Over a year ago, I wrote a post about the importance of connector trails.
There are 2 trails near my home that make strategic connections to destinations. One is the Mead Garden trail (which used to be part of my commute to Maitland), the other is Cady Way.
I use the Mead Garden trail whenever I go to Winter Park or Maitland. Using it to get to downtown Winter Park actually makes an easier route than any I could use by car. By car, I would have to drive out to 17-92 or endure the horrible bricks on Lake Sue & Lakeview (they are intolerably rough even for a car driver), and then I would still have to hunt down a parking space and walk from wherever I parked to my destination. Here’s what the route options looks like (blue is by bike, red are by car):
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The other great advantage is lack of traffic. Even at rush hour, I might encounter 1/2 dozen cars between my house and Winter Park. Tuesday night, I went up there for a gathering of friends at rush hour, I forgot it was even rush hour. There were a bunch of cars queuing at Bumby and Corrine, but a motorist stopped short of Cole and waved me to come in front of him. I think I was passed by 4 cars the entire trip.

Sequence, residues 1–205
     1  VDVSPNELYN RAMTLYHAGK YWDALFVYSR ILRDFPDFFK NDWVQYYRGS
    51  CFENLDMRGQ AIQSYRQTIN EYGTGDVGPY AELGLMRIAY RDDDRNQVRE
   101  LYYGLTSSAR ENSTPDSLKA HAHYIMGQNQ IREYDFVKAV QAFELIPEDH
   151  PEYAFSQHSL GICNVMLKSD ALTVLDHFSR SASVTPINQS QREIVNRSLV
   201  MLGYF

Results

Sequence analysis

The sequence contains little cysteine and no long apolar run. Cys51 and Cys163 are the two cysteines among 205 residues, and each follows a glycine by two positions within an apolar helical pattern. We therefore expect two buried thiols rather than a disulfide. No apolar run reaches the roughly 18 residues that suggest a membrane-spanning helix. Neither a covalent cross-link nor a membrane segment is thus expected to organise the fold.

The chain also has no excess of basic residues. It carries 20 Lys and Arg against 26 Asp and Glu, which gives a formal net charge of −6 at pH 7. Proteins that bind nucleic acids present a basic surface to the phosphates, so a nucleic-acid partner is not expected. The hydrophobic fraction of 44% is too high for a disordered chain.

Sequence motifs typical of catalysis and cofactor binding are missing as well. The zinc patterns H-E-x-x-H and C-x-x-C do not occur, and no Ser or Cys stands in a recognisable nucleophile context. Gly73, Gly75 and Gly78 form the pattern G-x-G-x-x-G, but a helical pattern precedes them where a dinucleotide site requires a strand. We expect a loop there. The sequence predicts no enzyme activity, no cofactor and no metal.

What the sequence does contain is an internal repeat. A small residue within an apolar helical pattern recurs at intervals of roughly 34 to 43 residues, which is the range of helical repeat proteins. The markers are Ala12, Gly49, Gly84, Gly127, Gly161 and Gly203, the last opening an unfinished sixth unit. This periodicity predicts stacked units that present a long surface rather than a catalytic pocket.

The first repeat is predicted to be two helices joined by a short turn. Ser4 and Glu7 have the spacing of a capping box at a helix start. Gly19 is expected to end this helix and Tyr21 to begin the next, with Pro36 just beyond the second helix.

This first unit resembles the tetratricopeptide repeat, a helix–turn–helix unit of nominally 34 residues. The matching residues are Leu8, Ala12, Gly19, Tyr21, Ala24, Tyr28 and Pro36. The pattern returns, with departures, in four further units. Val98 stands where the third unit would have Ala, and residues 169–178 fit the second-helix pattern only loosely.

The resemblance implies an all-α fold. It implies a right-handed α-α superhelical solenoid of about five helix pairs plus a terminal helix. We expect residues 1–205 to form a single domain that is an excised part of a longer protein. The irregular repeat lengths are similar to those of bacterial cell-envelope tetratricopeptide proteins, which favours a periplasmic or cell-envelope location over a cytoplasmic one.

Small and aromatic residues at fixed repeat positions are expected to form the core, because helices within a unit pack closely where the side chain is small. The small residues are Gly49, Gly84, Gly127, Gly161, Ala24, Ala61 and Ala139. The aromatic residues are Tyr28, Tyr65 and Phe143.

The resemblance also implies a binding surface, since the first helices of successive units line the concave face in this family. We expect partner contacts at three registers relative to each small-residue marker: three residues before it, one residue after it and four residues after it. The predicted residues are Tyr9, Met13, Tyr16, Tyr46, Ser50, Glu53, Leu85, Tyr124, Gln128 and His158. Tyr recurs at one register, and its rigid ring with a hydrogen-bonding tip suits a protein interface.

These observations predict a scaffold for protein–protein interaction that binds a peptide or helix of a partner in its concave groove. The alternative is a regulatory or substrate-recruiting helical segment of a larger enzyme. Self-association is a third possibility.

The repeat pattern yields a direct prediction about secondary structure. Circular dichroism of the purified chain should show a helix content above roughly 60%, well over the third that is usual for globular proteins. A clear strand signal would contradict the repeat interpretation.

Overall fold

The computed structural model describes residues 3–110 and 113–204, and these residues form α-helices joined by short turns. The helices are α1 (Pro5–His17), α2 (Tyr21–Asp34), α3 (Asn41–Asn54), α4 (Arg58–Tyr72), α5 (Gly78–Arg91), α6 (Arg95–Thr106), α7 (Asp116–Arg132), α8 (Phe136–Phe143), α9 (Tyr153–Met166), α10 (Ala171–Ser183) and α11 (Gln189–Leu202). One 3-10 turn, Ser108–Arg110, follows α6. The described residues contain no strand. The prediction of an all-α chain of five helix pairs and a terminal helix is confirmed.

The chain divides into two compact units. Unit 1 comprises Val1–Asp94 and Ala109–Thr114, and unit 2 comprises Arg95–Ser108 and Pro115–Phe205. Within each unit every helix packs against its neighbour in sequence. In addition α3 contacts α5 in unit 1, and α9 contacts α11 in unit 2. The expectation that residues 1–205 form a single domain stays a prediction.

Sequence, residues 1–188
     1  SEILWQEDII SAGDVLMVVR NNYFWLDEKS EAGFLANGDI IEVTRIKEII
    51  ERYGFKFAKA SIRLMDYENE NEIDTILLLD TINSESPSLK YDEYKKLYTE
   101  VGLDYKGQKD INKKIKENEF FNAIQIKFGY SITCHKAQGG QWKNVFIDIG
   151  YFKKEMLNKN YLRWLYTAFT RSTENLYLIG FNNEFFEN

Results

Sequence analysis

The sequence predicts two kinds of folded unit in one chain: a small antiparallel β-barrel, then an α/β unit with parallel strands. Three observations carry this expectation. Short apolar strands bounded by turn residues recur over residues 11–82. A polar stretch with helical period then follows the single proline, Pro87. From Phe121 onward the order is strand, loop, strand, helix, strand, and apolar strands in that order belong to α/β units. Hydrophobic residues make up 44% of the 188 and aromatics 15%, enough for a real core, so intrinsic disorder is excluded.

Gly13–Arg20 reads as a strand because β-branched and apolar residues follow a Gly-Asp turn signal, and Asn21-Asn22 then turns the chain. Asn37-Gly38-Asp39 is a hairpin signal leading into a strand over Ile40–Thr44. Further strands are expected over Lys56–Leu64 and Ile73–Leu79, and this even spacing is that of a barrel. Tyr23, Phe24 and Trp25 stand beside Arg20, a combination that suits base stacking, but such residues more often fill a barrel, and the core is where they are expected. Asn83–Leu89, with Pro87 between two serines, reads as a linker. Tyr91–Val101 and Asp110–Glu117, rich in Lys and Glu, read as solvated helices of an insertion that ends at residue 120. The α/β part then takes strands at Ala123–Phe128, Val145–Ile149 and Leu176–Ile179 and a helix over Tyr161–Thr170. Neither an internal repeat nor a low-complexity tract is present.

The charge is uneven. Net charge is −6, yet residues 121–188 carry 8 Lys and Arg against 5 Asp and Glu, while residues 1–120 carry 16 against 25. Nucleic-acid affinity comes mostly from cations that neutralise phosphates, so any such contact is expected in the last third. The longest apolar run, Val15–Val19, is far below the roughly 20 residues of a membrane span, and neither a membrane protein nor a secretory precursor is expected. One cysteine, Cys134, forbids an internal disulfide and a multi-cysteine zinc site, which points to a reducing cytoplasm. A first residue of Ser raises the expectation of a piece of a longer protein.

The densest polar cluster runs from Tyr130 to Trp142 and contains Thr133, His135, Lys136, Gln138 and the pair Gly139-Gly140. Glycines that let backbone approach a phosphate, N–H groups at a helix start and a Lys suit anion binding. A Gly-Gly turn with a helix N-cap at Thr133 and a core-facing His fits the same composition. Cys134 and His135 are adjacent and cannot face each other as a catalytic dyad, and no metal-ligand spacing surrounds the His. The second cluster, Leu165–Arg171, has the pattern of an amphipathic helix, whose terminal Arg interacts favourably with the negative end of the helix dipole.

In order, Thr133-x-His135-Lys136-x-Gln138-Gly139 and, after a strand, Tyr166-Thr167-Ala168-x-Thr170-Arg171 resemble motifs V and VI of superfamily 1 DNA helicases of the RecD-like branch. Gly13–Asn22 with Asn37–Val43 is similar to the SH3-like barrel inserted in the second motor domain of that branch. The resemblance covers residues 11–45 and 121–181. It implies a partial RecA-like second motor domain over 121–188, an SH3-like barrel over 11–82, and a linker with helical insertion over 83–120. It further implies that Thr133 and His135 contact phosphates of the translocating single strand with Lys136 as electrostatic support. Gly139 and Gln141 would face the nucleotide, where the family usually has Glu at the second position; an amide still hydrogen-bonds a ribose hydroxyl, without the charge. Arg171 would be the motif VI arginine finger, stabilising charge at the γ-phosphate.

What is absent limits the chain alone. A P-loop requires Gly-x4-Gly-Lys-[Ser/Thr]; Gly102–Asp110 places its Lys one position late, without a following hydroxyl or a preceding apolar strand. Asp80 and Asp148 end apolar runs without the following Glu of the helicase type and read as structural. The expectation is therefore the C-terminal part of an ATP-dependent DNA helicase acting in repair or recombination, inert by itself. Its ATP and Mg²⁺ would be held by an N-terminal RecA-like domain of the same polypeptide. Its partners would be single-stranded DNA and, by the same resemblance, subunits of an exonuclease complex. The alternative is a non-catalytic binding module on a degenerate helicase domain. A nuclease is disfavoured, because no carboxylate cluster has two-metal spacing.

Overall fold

The Cady Way trail is a regular part of my routes. I use it to get to Publix, the bank, my massage therapist, and other destinations in Baldwin Park. It’s a slightly longer way to get to Baldwin Park than by car, but when you add in a traffic light, stop signs and time to park the car, there is very little difference in time. And going by bike is just way more pleasant with the lake and the birds and all. One afternoon, I even got a white ibis escort!
I also use Cady Way to get to Best Buy and the Colonial Promenade. Those destinations are much quicker for me to access by bike than by car because of Cady Way. At rush hour, other than crossing Maguire, I have very little exposure to traffic. If I were to try to go to one of these destinations by car, I’d be sitting in a traffic jam.
Here’s that route (blue is by bike, red is by car):
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Even though Cady Way isn’t thought of as a connector trail, the fact that it intersects a lot of low-volume streets allows it to serve this purpose in Orlando. It would be nice if it had similar connectivity/access out past 436.
Are you using trails to access important destinations? Let us know what trails you’re using and how.
Shortly, I will be posting a collaborative map where you can indicate easements you’ve noticed and other potential for short connector trails to increase access to destinations via pleasant streets.